Clemson professor to deliver December New Frontiers seminar

Dr. F. Alex Feltus, Professor of Genetics and Biochemistry at Clemson will give the next lecture in Louisiana Tech University’s New Frontiers in Biomedical Research Series.

FeltusFeltus’ presentation, titled “21st Century (Q1-Q2) Bio-Computing: Systems, Algorithms, Data, Science” will be held at 3:30 p.m. Dec. 16 in University Hall. The event is free and open to the public.

“We are delighted to host Dr. Feltus on our campus. His expertise in bioinformatics and cyberinfrastructure aligns well with Louisiana Tech’s sustained focus on interdisciplinary computing, with emerging applications in biomedical engineering and biological discovery;” said Dr. Sumeet Dua, Associate Vice President for Research and Partnerships. “His visit and seminar will benefit a wide variety of students and research faculty on Tech’s campus as we continue to build capabilities and collaborations in these areas.”

Feltus earned a BSc in Biochemistry from Auburn University in 1992, served two years in the Peace Corps, and then completed his PhD in cell biology at Vanderbilt University in 2000. From 2000-02, Feltus was an ACS Postdoctoral Fellow at Emory University.

Since 2002, he has performed research in bioinformatics, high-performance computing, cyberinfrastructure, network biology, genome assembly, systems genetics, paleogenomics, and bioenergy feedstock genetics. Currently, Feltus is a Professor in Clemson University’s Department of Genetics and Biochemistry, CEO of Allele Systems LLC, Core Faculty in the CU-MUSC Biomedical Data Science and Informatics (BDSI) program, member of the Center for Human Genetics, and serves on the Internet2 Board of Trustees as well as various “Advance Research Computing” engagement workgroups.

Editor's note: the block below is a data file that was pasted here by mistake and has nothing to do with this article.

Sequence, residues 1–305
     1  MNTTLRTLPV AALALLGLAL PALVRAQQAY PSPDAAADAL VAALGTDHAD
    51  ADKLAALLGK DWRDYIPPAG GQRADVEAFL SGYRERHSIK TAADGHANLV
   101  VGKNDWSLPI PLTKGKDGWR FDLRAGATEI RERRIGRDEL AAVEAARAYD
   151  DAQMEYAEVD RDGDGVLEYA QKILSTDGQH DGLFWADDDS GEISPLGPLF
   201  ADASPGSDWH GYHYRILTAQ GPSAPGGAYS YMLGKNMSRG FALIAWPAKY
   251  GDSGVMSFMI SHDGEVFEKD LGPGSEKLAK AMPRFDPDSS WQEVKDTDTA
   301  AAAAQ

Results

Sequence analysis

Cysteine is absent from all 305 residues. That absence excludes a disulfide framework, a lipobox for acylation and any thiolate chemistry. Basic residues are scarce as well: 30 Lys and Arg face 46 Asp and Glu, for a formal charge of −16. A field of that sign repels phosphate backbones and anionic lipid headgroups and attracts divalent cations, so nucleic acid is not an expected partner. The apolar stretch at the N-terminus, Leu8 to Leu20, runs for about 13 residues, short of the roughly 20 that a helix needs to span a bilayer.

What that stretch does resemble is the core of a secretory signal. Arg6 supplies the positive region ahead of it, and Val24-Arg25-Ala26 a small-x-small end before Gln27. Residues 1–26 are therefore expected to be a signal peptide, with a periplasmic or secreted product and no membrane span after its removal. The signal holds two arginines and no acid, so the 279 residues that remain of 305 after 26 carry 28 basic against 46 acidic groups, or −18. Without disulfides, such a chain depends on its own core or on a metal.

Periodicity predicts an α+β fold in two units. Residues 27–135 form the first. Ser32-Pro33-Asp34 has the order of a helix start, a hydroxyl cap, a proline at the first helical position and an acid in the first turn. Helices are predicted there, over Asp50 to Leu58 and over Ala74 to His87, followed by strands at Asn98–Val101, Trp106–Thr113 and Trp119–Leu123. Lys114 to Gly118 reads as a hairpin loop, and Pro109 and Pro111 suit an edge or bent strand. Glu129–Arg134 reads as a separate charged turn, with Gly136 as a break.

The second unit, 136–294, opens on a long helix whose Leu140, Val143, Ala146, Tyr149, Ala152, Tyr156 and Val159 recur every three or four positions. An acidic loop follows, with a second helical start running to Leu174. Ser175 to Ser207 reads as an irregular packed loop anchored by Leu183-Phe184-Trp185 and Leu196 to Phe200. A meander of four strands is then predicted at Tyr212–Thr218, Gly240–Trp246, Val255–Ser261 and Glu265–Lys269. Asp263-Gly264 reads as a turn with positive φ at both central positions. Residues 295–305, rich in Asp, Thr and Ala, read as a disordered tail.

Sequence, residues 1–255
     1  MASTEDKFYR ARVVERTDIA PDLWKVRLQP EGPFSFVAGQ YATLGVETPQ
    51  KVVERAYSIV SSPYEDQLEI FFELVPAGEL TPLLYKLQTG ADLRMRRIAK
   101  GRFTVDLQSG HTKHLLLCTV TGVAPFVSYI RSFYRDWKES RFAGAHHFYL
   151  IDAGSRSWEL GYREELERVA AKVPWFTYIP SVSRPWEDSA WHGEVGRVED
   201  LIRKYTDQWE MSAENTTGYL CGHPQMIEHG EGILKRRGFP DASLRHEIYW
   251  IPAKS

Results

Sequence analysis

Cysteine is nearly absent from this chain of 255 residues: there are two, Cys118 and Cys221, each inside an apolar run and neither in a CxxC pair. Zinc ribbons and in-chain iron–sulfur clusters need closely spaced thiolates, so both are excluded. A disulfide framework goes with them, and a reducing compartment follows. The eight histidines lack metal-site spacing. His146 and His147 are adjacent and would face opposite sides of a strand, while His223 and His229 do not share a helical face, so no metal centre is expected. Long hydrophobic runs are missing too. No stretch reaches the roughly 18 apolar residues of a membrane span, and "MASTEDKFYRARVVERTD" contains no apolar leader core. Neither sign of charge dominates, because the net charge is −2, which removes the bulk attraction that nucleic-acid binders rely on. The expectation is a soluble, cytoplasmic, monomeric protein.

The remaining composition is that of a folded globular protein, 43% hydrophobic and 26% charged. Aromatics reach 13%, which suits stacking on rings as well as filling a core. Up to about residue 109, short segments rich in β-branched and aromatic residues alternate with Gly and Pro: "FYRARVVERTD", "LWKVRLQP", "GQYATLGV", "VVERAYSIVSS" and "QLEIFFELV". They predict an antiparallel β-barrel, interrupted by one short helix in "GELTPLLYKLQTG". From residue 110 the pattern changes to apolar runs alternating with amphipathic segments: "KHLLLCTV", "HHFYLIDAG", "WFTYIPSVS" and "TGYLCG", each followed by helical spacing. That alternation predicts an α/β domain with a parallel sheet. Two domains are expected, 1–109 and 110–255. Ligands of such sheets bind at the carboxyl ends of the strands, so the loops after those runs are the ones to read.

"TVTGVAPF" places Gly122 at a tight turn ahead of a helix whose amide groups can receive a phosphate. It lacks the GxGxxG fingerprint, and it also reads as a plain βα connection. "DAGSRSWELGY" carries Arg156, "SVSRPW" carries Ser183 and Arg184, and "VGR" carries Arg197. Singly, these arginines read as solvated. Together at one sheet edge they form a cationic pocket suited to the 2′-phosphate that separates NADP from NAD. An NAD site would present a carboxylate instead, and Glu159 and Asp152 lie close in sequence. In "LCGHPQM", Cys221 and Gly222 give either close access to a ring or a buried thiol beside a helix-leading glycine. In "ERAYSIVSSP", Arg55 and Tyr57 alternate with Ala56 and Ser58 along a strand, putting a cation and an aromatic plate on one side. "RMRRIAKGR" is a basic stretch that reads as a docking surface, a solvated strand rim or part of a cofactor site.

Feltus has published numerous scientific articles in peer-reviewed journals focusing on research in software engineering and computational biology techniques to make useful molecular discoveries in human and plant biological systems. Specifically, the research in his lab centers on the transcriptome layer (RNA) of gene expression while also seeking methods to integrate data from other genome information orbitals. Feltus’s research team also engineers advanced computing systems and technologies to run genomics workflows that enable small labs to perform innovative computational biology.

Feltus’s seminar is part of the 2019-20 New Frontiers in Biomedical Research Seminar Series. The series is an interdisciplinary lecture series that focuses on advancements in the fields of biomedical engineering, biology, biochemistry, and physics. The series strives to foster an understanding of human health and disease by bringing renown researchers to campus to for faculty, students, and members of the Ruston community to interact with.

All New Frontiers in Biomedical Research seminars are free and open to the public. Seminars are followed by a reception to meet the speaker. For more information on the series contact Dr. Jamie Newman at or Dr. Mary Caldorera-Moore at